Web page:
Phase 3 Study of Sacituzumab Govitecan in NSCLC Misses Primary End Point


The phase 3 EVOKE-01 trial of sacituzumab govitecan in non–small cell lung cancer missed its primary end point, showing a numerical but not significant improvement in overall survival.

Lung with cancer cells: © catalin -

Lung with cancer cells: © catalin -

The EVOKE-01 study (NCT05089734) investigating sacituzumab govitecan-hziy (Trodelvy) vs docetaxel for the treatment of previously treated metastatic non–small cell lung cancer (NSCLC) has missed its primary end point of overall survival (OS), according to Gilead Sciences.1

A numerical but not significant improvement in OS was observed with sacituzumab. In a sub-group of patients who did not respond to prior anti-PD-(L)1 agents, there was a difference of greater than 3 months in median OS favoring sacituzumab. This finding represented over 60% of the trial population; however, this analysis was not alpha-controlled for formal statistical testing. Further, this difference was not observed in patients who did respond to prior anti-PD-(L)1 therapy.

Sacituzumab was well-tolerated, and its safety profile was consistent with prior studies of the agent. No new safety signals were identified.

“The totality of our data gives us continued confidence in [sacituzumab’s] potential in metastatic NSCLC, and in our broader lung cancer clinical development program,” said Merdad Parsey, MD, PhD, chief medical officer, Gilead Sciences, in a press release. “Treating metastatic NSCLC that has progressed on or after platinum-based chemotherapy presents significant challenges and the need for safe and effective treatments remains urgent. We will work to further identify the metastatic NSCLC patient populations that may benefit from [sacituzumab].”

Gilead anticipates a review with regulators about the findings of the EVOKE-01 trial. The complete data will be presented at an upcoming medical meeting.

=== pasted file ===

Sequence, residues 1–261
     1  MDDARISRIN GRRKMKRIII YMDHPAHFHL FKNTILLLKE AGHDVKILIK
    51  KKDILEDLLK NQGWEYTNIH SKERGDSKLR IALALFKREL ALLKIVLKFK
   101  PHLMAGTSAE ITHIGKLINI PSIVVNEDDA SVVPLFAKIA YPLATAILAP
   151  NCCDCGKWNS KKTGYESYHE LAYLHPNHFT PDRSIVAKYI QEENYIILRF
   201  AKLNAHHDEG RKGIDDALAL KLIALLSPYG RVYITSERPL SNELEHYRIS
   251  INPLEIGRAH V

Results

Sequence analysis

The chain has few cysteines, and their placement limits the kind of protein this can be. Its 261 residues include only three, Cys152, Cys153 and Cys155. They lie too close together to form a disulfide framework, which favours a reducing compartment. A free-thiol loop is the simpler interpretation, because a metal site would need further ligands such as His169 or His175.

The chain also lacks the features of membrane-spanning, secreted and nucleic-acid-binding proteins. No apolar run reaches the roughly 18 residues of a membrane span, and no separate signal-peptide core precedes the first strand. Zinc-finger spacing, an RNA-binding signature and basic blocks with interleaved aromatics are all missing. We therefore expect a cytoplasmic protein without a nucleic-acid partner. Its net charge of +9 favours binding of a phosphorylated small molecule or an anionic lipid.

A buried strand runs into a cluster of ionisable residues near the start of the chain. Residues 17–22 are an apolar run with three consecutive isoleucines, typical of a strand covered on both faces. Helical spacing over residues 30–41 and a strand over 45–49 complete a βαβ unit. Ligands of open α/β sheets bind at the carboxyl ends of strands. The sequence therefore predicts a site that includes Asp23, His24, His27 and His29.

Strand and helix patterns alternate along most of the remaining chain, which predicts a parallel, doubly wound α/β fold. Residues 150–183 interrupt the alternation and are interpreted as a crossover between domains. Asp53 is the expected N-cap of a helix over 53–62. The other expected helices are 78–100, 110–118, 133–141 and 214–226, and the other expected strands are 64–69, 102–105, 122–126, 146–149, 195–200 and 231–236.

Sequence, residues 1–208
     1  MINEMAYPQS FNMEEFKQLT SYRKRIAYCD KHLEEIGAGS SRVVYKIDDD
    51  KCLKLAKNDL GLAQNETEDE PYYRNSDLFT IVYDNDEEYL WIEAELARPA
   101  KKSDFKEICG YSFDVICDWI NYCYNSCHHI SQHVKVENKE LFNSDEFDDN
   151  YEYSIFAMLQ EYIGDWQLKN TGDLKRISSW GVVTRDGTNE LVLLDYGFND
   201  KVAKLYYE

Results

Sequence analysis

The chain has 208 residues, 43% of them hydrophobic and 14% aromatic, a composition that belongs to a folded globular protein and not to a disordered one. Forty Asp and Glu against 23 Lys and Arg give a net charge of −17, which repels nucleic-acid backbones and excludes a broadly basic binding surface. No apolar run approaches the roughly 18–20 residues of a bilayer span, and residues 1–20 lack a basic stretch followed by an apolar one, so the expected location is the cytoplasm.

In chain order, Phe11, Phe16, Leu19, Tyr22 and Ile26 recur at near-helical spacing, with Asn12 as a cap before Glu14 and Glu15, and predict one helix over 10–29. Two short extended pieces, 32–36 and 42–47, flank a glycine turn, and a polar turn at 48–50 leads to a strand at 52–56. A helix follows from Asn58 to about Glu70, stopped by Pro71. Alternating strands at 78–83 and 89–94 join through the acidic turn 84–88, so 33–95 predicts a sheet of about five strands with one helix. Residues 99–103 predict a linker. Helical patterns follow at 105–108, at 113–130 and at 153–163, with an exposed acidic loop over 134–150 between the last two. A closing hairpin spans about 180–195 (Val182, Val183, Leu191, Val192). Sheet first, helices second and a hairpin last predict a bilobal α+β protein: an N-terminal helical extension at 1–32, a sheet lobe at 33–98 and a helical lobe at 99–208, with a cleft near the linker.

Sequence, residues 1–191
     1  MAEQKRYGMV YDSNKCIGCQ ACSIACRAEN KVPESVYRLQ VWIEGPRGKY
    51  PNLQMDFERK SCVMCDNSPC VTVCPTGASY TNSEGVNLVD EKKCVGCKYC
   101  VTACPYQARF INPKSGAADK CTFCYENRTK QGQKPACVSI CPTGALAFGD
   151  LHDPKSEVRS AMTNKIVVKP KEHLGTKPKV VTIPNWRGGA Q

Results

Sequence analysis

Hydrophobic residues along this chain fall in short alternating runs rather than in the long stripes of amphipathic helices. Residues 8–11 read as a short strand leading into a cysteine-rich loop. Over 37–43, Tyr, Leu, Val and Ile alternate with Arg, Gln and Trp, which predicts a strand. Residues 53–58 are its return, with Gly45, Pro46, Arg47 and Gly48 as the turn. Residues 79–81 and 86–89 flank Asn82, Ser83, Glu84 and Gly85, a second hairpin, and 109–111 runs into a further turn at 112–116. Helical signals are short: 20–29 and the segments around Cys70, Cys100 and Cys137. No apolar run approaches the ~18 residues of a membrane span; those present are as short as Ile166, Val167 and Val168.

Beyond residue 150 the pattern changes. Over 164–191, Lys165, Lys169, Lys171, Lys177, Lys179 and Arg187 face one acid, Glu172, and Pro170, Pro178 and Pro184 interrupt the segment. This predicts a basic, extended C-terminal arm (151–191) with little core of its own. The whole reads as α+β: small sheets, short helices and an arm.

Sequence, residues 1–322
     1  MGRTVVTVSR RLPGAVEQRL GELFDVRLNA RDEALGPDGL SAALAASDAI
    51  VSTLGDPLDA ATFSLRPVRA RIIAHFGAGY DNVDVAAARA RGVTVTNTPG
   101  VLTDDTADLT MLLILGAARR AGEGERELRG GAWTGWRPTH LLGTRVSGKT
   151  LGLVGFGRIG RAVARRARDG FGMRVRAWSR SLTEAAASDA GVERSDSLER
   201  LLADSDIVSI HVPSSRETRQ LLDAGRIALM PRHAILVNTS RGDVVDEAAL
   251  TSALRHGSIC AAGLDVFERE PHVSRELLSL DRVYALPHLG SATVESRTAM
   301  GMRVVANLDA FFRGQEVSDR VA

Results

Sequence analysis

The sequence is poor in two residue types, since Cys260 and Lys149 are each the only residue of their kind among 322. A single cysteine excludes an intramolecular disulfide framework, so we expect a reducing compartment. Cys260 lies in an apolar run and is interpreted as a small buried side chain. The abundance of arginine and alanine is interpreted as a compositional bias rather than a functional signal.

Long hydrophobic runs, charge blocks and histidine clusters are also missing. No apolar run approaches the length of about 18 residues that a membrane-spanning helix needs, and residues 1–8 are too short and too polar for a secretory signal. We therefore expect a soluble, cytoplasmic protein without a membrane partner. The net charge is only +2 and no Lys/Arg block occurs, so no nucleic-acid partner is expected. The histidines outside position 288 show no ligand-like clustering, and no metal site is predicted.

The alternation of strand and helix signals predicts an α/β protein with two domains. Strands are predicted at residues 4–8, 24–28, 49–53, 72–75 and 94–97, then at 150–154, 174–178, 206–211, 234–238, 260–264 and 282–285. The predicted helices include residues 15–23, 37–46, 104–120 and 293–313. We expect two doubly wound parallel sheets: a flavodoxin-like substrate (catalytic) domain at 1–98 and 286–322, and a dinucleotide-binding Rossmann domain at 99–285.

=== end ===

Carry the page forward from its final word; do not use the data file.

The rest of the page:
About EVOKE-01

EVOKE-01 is a phase 3, global, multicenter, open-label, randomized study of sacituzumab vs docetaxel in patients with advanced or metastatic NSCLC who have experienced disease progression following platinum-based chemotherapy and anti-PD(L)1 therapy.2 Patients with EGFR, ALK, or other known actionable genomic alterations must have also received treatment with an available tyrosine kinase inhibitor appropriate to that alteration to be eligible for the study. The estimated enrollment of the study was 580 patients who have an ECOG performance status of 0 or 1, adequate hematologic counts, and adequate hepatic function.

Patients were not eligible for study enrollment if they had mixed small cell and NSCLC histology, not recovered from adverse events (AEs) from prior therapies, an active second malignancy, clinically severe pulmonary compromise, active cardiac disease, active serious infection, known central nervous system metastases, or active chronic inflammatory bowel disease.

The primary end point is OS. Secondary end points include progression-free survival, objective response rate, duration of response, disease control rate, incidence of treatment-emergent AEs, and incidence of laboratory abnormalities.

Patients were randomized to receive sacituzumab 10 mg/kg on days 1 and 8 of a 21-day cycle or docetaxel 75 mg/m2 on day 1 of a 21-day cycle until progressive disease or unacceptable toxicity.

1. Gilead provides update on phase 3 EVOKE-01 study. News release. Gilead Sciences. January 22, 2024. Accessed January 22, 2024.
2. Study of sacituzumab govitecan (SG) versus docetaxel in participants with advanced or metastatic non–small cell lung cancer (NSCLC) (EVOKE-01). Updated December 7, 2023. Accessed January 22, 2024.
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